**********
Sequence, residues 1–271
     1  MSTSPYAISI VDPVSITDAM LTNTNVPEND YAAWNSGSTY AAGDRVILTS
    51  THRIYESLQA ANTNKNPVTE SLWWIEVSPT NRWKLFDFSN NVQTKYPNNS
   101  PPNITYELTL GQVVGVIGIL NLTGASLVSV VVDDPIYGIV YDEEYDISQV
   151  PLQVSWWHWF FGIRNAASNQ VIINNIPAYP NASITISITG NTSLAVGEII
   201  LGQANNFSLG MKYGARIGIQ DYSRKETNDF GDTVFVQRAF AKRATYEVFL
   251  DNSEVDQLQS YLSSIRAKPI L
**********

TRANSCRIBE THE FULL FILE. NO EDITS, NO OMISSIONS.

Sequence, residues 1–271
     1  MSTSPYAISI VDPVSITDAM LTNTNVPEND YAAWNSGSTY AAGDRVILTS
    51  THRIYESLQA ANTNKNPVTE SLWWIEVSPT NRWKLFDFSN NVQTKYPNNS
   101  PPNITYELTL GQVVGVIGIL NLTGASLVSV VVDDPIYGIV YDEEYDISQV
   151  PLQVSWWHWF FGIRNAASNQ VIINNIPAYP NASITISITG NTSLAVGEII
   201  LGQANNFSLG MKYGARIGIQ DYSRKETNDF GDTVFVQRAF AKRATYEVFL
   251  DNSEVDQLQS YLSSIRAKPI L